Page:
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Interesting question - one idea - proceed as you are doing, but make your initial cut shorter. Cut your mortice. Then clean up the vulnerable corners by making two new cuts, slightly further apart, ie cutting off the bits that may have got squashed. Arrange things so that the dimension you now reach is the width of your stretcher.
Cut the tenons with shoulders on top and bottom, equal to the amount removed in this extra cut.
 

Argus

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If you have compressed the wood in the corner, without severing any fibres, it is sometimes possible to get most, if not all, of the ding out with heat and steam.

I admit that the arris on an angled corner may be tricky, and I don't know if you know this trick, but here goes......but it's worth a try.

You need some clean water, a clean cloth and an electric iron.

1 Heat the iron up on it's hottest setting (cotton, usually).
2 Soak the imediate area of the knock and the cloth.
3 Place the cloth over the area that is damaged and press the hot iron on the cloth for half a minute or so. There should be a lot of steam. (The pointed end of the iron works best for this).

You may need to repeat the exercise, but it usually works.


Hope this helps.


.
 

RogerP

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I tried this for the first time a week or two back on a nasty dent and .... it worked like magic! :)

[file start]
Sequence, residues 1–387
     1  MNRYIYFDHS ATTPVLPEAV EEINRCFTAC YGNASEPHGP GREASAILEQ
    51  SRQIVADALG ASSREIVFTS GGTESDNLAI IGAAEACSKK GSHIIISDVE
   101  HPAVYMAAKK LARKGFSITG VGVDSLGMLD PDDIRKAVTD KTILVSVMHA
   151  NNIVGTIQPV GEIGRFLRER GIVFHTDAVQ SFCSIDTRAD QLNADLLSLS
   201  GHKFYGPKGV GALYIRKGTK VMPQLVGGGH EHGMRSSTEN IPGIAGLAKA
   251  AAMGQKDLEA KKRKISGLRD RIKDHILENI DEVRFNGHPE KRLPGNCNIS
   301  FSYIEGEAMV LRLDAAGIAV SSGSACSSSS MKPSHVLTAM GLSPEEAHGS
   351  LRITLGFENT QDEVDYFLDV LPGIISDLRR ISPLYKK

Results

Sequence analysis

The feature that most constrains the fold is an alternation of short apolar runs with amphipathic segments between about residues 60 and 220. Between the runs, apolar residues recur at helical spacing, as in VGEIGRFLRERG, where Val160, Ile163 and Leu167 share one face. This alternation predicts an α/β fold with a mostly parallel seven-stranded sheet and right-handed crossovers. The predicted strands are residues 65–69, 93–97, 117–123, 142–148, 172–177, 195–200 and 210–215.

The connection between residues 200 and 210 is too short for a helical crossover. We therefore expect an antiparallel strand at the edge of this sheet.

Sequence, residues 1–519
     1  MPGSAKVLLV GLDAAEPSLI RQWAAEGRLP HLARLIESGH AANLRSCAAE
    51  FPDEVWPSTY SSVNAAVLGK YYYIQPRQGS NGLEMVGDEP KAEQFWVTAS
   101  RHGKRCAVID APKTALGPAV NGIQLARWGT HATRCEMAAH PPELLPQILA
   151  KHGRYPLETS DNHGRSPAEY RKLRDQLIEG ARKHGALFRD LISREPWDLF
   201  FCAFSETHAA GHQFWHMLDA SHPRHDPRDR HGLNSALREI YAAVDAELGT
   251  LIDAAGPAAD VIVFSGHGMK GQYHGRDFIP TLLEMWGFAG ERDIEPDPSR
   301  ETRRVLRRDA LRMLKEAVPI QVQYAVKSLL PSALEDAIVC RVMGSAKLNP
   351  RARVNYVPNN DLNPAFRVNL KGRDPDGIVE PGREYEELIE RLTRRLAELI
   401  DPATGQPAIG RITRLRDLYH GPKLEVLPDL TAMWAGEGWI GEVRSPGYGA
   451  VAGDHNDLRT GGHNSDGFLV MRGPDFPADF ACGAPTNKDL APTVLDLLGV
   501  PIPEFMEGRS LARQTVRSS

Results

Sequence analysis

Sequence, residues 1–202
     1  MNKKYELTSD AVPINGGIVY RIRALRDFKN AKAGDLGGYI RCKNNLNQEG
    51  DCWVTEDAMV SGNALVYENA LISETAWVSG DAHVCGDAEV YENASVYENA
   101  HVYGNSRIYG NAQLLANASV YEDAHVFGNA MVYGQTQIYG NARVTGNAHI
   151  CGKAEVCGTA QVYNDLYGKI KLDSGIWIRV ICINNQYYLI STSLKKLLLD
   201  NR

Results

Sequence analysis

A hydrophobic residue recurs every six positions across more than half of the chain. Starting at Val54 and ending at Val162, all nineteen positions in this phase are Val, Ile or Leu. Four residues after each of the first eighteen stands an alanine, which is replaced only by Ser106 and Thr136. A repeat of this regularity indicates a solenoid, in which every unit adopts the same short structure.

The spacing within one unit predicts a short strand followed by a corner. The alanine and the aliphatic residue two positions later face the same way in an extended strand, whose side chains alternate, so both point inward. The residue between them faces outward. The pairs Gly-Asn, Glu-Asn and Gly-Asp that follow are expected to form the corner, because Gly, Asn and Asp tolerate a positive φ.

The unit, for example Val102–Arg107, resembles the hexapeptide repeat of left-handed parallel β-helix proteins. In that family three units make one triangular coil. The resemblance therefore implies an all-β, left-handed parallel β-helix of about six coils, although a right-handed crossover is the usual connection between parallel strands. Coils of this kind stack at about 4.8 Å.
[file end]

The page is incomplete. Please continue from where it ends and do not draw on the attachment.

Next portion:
JakeS

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Argus":2a73g2e7 said:
If you have compressed the wood in the corner, without severing any fibres, it is sometimes possible to get most, if not all, of the ding out with heat and steam.

I admit that the arris on an angled corner may be tricky, and I don't know if you know this trick, but here goes......but it's worth a try.
You know, I had heard it in passing, but never really understood how the steam is applied to the wood... but I just gave it a go on the test piece, based on your instructions, and the initial result looks perfect! I'll leave it a while to dry out again before I'm confident in the success, but it looks great at the moment - thanks!



I did have a look at what could be done with the spare angle blocks atop the corners, but there simply isn't enough space left to get the chisel in to clear out the mortice, at least not the way I'm used to cutting my mortises. I'll try leaving a bit of spare waste while cutting the mortise as Andy suggested, and hopefully between that and this it'll all turn out OK in the end... thanks for the tips, guys!
 

woodbloke

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JakeS":2rcgiynu said:
You know, I had heard it in passing, but never really understood how the steam is applied to the wood... but I just gave it a go on the test piece, based on your instructions, and the initial result looks perfect! I'll leave it a while to dry out again before I'm confident in the success, but it looks great at the moment - thanks!
A useful trick and an old electric iron (make sure it's not SWIMBO's best one :shock: ) should be part of the power tools arsenal. It works by forcing hot steam into the fibres of the wood which then swell back to their original size, but note, it will only work on timber that's bruised...if the fibres have been cut then that's something that either needs to be lived with or repaired in a different way - Rob